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Lays of Ancient Rome

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The poems themselves are fun, in an old-fashioned bumptious way. They aren’t first-rate poetry, but they are first-rate second-rate poetry, and that’s good enough for me. (“The Raven,” “The Charge of the Light Brigade,” and “The Highwayman” are all excellent examples of my idea of first-rate second-rate verse.) Late 6th century B.C. A plain before Rome. Enter LARS PORSENA, MAMILIUS, SEXTUS, their various VASSALS and RETAINERS, the ENTIRE TUSCAN ARMY and DR and SCOTT EVIL] The Battle of Lake Regillus - The Romans take arms against the powerful Latine league headed by the expelled Tarquin nobles. The fighting is desperate and bloody: the event is decided only after the arrival upon the battlefield of the twin gods Castor and Pollux.

The same story of Romulus and Remus is just a story which says that they founded on this day Rome. Read what a famous English historian wrote in his “Lays of Ancient Rome”, a collection of narrative poems, or lays: Thomas Babington Macaulay. Four of these recount heroic episodes from early Roman history with strong dramatic and tragic themes, giving the collection its name. The Lays were composed by Macaulay in his thirties, during his spare time while he was the "legal member" of the Governor-General of India's Supreme Council from 1834 to 1838. These poems of courage and patriotism became popular at the height of the British Empire, around the time Victoria was proclaimed "Empress of India," but Macaulay wrote them much earlier, long before he won his fame as an historian, in the years immediately before Victoria was crowned a queen.LARS PORSENA: Their captain, Horatio, has come out to meet us with two of his stout followers. They challenge us to trial by single combat. Horatius' speech is included at the Chushul war memorial at Rezang La in memory of the 13th Battalion, Kumaon Regiment of the Indian Army. The phrase "how can man die better" was used by Benjamin Pogrund as the title of his biography of anti-apartheid activist Robert Sobukwe.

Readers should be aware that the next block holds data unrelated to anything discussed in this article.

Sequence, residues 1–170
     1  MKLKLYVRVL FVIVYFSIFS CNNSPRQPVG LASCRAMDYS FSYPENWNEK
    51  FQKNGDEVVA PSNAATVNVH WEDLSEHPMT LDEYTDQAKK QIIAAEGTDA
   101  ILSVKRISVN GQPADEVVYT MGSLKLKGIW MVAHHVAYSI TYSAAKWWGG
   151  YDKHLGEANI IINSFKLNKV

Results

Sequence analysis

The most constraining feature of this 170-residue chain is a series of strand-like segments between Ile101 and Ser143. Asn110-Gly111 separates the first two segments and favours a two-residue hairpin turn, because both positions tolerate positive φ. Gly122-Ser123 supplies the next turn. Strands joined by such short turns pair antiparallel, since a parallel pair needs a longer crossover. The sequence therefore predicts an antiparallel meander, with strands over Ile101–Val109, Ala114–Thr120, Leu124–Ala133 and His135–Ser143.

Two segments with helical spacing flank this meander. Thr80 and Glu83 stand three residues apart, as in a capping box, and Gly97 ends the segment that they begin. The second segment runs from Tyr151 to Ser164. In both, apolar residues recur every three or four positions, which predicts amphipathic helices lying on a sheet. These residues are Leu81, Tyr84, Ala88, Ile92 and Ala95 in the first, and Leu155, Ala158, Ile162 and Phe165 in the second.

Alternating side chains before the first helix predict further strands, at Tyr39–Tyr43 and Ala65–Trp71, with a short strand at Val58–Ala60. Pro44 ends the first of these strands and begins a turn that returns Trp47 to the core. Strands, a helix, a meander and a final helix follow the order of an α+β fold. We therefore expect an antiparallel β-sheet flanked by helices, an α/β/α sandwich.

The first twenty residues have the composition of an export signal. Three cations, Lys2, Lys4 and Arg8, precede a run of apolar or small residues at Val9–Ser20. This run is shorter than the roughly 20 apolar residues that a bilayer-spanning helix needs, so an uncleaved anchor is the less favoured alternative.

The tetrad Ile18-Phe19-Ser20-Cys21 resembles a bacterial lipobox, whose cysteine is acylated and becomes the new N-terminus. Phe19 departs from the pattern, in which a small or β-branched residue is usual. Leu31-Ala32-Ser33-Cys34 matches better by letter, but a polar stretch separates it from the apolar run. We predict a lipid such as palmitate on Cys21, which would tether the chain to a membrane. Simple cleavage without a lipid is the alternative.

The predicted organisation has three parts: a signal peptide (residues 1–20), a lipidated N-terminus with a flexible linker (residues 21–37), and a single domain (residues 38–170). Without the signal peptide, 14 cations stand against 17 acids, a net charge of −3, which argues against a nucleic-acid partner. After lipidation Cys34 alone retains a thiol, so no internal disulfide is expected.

The Roman ballads are preceded by brief introductions, discussing the legends from a scholarly perspective. Macaulay explains that his intention was to write poems resembling those that might have been sung in ancient times.The Lays were first published by Longman in 1842, at the beginning of the Victorian Era. They became immensely popular, and were a regular subject of recitation, then a common pastime. The Lays were standard reading in British public schools for more than a century. Here follows what he says about this legend:He reeled, and on Herminius / He leaned one breathing-space; / Then, like a wild cat mad with wounds, / Sprang right at Astur's face. / Through teeth, and skull, and helmet / So fierce a thrust he sped, / The good sword stood a hand-breadth out / Behind the Tuscan's head."

It is certain, therefore, that the great Latin writers of the Augustan age did not possess those materials, without which a trustworthy account of the infancy of the republic could not possibly be framed. Those writers own, indeed, that the chronicles to which they had access were filled with battles that were never fought, and Consuls that were never inaugurated; and we have abundant proof that, in these chronicles, events of the greatest importance, such as the issue of the war with Porsena and the issue of the war with Brennus, were grossly misrepresented.

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Richard Corliss (19 April 2013). "Tom Cruise in Oblivion: Drones and Clones on Planet Earth". Time . Retrieved 31 August 2013. Informs as it fascinates, Macaulay's Lays is altogether my favorite work of poetry. The words are evocative like no other poet I've read - Macauley manages to spin together action, suspense, gore, horror, and melodrama. Horatius at the Bridge is the highlight of the whole book, although the others are enjoyable too (Capys the least of the bunch): Regillus takes Horatius's Iliadic tone and expands it into a larger epic, Virginia brings to mind a short stage melodrama, and Capys is mostly a historical footnote to bring everything together. My two favorite stanzas (How can a man choose?!) are from Horatius and Regillus, respectively: The Roman ballads are preceded by brief introductions, discussing the legends from a scholarly perspective. Macaulay explains that his intention was to write poems resembling those that might have been sung in ancient times.

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